“Know the Extra Tile”: The Celebrated History of Materials

As a kitchen & bath design center, you can guarantee that we’ve come across a lot of different designs for remodeling. We’ve seen hundreds of different stone combinations with all sorts of shapes and sizes. While larger slabs are trending for interior design, there’s a lot that can be done with tiles as well. We’ve seen some gorgeous rooms styled with tile and think that there are so many possibilities with the slab’s more petite cousin.

A tile is defined as a manufactured piece of hard-wearing material that is generally used for roofing, flooring, walls, or other surfaces like tabletops and fireplaces. The word is derived from the French word tuile, which is, in turn, from the Latin word tegula, meaning a roof tile composed of fired clay. Common materials of tile include ceramic, stone, metal, baked clay, and glass. The tiles you more often see are probably made of ceramic, but stone tiles are becoming more and more popular. We should know – we have a whole section of our warehouse dedicated to marble, onyx, granite, and slate tiles!

So, where exactly do tiles come from? The earliest evidence that we know of comes from the discovery of glazed bricks in the Elamite Temple at Chogha Zanbil back in the 13th century. We know this location to be present-day southwestern Iran. Glazed and colored bricks were used to make low reliefs in Ancient Mesopotamia. The use of sun-dried bricks was the main method of building in areas where river mud was found in abundance. This is most likely due to the scarcity of stone; there was more incentive to develop a way to make bricks from other materials to use as an alternative. Fired bricks began to be used as an outer layer for important buildings made out of sun-dried bricks to strengthen and protect the walls. These buildings include temples, palaces, city walls, and gates.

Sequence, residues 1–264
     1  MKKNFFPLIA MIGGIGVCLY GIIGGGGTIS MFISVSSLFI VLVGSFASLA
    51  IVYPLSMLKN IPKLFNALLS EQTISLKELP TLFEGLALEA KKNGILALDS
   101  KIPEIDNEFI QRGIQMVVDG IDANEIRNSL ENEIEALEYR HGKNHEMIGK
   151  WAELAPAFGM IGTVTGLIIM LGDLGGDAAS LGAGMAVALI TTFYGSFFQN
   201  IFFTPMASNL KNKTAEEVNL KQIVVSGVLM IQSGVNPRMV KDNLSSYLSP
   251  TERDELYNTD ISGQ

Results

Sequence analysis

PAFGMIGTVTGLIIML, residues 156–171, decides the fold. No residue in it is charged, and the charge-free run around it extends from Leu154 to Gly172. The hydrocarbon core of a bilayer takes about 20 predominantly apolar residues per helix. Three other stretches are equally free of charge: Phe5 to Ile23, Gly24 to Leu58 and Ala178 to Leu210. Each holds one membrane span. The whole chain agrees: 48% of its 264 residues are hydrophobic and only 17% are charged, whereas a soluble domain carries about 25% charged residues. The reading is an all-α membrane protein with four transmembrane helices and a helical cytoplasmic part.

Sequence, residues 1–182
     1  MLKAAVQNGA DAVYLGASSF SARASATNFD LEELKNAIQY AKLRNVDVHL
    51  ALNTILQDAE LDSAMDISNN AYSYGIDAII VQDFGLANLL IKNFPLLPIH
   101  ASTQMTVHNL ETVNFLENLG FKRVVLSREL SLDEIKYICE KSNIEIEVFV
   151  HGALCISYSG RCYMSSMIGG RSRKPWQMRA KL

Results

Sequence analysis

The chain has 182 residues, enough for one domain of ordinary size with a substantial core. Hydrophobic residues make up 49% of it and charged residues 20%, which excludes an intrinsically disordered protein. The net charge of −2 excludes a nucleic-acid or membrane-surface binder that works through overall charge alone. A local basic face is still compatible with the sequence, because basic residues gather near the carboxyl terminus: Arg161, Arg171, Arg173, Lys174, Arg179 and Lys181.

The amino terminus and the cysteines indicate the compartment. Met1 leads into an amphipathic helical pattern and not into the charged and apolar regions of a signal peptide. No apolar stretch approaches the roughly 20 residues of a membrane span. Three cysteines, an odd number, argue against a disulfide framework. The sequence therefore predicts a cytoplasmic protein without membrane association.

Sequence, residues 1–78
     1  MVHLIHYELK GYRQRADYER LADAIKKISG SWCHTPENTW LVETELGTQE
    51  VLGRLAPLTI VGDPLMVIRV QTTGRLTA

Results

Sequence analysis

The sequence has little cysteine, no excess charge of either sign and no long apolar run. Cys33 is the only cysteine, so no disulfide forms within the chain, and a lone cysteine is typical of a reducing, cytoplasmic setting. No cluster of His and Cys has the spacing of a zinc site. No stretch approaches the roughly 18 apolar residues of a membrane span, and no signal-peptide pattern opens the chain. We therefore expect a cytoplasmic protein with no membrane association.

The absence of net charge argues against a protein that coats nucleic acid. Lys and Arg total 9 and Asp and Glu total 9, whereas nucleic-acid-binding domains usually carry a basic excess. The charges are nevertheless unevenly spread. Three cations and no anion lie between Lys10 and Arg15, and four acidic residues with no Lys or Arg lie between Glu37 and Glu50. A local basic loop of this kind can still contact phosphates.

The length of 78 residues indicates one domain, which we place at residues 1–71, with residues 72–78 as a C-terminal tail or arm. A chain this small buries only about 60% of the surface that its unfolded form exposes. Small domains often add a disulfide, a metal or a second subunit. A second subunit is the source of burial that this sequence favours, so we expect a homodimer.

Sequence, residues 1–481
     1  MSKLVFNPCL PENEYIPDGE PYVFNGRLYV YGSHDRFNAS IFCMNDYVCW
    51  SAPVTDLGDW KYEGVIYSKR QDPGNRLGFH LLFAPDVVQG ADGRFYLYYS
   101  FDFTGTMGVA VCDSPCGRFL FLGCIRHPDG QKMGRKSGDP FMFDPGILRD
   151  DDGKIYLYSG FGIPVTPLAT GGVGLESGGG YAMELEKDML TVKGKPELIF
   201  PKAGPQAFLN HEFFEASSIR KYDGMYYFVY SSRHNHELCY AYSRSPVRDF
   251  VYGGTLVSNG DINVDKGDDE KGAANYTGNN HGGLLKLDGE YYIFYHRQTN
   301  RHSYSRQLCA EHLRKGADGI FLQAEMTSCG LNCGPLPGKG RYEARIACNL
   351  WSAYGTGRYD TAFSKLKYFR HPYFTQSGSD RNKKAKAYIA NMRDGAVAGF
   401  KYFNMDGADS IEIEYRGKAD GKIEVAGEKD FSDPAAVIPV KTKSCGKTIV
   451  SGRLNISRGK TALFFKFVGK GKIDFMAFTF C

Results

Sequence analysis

Around the 10th-11th century, tile started being used for more decorative purposes. Early Islamic mosaics in Iran consisted mainly of geometric decorations in mosques and mausoleums using glazed brick. Persian tilework really took off when the moraq technique was used to cover interior and exterior surfaces. This technique involved taking single-color tiles and cutting them into small geometric pieces, then assembling by pouring liquid plaster between them. Once the plaster hardened, the tiles would be used on the walls of buildings and the surfaces of domes. The most sophisticated tilework would be placed in the mihrabs of mosques, given that these are the focal points for prayer. This tradition spread through the Islamic world during the 16th-17th century. Palaces, public buildings, mosques, and türbe (“tomb”) mausoleums were heavily decorated with large, brightly colored patterns, which were typically floral motifs.

Further west in Medieval Europe, Medieval Europe made considerable use of painted tiles, using them to depict very elaborate stories. Some of the tiles they used were encaustic, meaning they were made of multiple colors of clay, shaped and baked together to form a pattern. The difference here is that the pattern ran through the thickness of the tile and would not wear away. Some stories depicted included religious and secular stories since Christianity dominated during this time. Medieval letter tiles (one letter ceramic tiles) were used to create Christian inscriptions on church floors.